He continued, "The lease originally signed in 1993 and which recently ended did not keep up with inflation over the 20-year term. For example, when the original lease was signed ACP (Alparon Community Park) did not have a single paid employee as most all the work was done by volunteers. Today we have four part-time employees to perform the needed maintenance and conduct the parks' business. The proposed lease fee of $15,000 to the TASD (Troy Area School District) was designed to help the park 'get to par' with respect to inflation and maintenance costs."
He also stated, "From a financial standpoint; ACP is a 501(c)3 non profit corporation per the IRS which operates seven months a year with an annual expense budget of $196,714. Our sources of income include mostly volunteer run events such as Troy Fair, Maple Fest, Gas Expo as well as additional lease/fee income for park facilities. ACP has recently benefited from leasing some of our facilities and camping lots to the natural gas industry. This additional income has enabled the park to fund many of our long overdue capital improvements and large dollar maintenance projects (tennis court, basketball court, grandstand facelift, etc.) and we have a long list of additional items which should be done. The extra income from the gas industry is fleeting and is on the decline as evidenced by the pipeline company leaving the Troy area and empty spaces in the camping area of the park."
Bower noted, "We certainly do not pretend to understand all the school budget challenges that you face but we do know our own budget and future income concerns. We continue to believe that our proposed base lease of $15,000 is a fair price given the usage of the facilities. Keep in mind this is a fixed cost fee of $15,000 plus electric. TASD can budget this expense with no unforeseen surprises. We would offer to present any additional information you wish at a school board work session."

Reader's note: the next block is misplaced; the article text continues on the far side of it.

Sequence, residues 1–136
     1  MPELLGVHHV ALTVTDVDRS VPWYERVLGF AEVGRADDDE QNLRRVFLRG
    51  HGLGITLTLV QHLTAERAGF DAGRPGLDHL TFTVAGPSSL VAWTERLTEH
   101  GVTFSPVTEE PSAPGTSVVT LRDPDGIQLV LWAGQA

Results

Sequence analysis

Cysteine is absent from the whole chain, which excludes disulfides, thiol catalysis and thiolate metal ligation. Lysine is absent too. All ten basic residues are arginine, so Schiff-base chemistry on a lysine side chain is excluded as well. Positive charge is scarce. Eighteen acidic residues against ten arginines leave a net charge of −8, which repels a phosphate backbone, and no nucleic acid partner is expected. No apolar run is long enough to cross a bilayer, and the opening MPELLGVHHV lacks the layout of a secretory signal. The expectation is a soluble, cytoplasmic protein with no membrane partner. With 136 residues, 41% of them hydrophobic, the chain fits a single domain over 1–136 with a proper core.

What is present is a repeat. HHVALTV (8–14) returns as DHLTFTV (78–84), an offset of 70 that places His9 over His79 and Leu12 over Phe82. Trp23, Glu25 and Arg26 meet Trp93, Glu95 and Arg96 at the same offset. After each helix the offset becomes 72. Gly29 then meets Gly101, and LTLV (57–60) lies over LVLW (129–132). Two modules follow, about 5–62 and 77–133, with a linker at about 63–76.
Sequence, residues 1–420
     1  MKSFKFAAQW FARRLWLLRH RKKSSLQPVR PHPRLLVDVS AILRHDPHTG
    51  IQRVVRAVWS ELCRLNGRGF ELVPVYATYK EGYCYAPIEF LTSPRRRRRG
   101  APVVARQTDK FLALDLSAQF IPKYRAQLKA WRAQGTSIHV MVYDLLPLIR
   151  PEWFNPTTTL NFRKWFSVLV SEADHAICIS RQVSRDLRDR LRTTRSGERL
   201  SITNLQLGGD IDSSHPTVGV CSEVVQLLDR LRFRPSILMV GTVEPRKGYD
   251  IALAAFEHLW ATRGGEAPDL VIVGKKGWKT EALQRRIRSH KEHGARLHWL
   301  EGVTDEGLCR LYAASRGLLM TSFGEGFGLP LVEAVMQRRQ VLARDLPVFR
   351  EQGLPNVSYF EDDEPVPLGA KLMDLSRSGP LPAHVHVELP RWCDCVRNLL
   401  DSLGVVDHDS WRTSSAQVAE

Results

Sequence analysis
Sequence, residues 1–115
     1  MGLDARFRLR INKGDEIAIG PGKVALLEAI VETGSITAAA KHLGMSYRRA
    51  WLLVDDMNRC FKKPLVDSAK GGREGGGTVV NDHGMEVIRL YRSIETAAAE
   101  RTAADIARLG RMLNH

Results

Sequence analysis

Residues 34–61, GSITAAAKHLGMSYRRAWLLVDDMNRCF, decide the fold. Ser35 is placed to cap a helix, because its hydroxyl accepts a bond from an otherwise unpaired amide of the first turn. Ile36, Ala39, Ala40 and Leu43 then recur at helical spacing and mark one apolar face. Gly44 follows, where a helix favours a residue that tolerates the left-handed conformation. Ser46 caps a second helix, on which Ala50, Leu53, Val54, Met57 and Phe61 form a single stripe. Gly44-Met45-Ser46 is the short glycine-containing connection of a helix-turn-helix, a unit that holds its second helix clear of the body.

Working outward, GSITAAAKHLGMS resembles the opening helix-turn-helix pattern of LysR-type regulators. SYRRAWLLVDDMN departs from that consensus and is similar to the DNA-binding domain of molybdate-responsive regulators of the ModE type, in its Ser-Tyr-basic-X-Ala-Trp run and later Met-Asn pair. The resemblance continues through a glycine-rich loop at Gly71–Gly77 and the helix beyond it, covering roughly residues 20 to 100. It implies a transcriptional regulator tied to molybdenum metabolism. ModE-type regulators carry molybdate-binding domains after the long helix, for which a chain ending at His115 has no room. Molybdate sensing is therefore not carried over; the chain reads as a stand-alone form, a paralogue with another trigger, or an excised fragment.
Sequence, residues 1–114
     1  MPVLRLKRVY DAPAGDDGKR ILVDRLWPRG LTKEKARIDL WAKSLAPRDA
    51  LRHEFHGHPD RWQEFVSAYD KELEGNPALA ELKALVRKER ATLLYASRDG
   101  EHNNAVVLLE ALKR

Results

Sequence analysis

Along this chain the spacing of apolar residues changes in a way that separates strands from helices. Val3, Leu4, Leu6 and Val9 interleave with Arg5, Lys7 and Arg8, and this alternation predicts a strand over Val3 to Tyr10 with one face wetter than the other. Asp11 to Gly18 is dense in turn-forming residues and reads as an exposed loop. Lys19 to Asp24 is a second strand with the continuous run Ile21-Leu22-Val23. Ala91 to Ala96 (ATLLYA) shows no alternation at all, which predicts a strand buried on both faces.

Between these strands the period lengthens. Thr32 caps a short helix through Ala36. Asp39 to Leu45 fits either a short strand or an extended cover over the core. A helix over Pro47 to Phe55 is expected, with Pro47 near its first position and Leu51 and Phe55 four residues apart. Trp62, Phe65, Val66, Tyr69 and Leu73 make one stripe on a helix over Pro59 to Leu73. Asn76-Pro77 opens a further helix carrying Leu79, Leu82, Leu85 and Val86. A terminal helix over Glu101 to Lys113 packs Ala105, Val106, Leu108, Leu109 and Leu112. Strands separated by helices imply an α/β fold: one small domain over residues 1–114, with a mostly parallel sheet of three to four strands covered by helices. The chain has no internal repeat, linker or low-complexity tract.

"The park and the school have worked together in the past successfully and we would like to continue to be the home of the Troy Area School Districts' football program. It is not in the best interest of the school, the park or the community to have the 2013 Troy Football Season home games at a site other than Alparon Park."
At Tuesday's meeting, former board president Keith Morgan offered his views on the matter. He was the only person speaking during the public comment period. Attendance by the public was virtually non-existent with only a couple people showing up at the meeting.
"Once we take that (football games) out of the community, we lose," Morgan said. Morgan commented that few people would probably travel to such a place as Towanda for the football games.
"I'd like to see us stay here somehow," he said. Regarding all the revenue that flows into local businesses as a result of the football games, he said he would rather see the money stay local than be spent elsewhere.
"I hope we can work out something for another couple years," he said.
He began his comments by noting all the district's investments at the park, such as $83,458.77 around 1993 for the office/locker room complex at the park, approximately $20,000 around 2000 for a lighting system, and some other investments for paving and field upkeep. Noting the amount the district has been putting into the park each year and citing the park's asking amount, he stated, "so, we're about where we should be, you know."
Morgan suggested raising the gate price a dollar, noting this would be cheaper for people than driving to Towanda or Mansfield.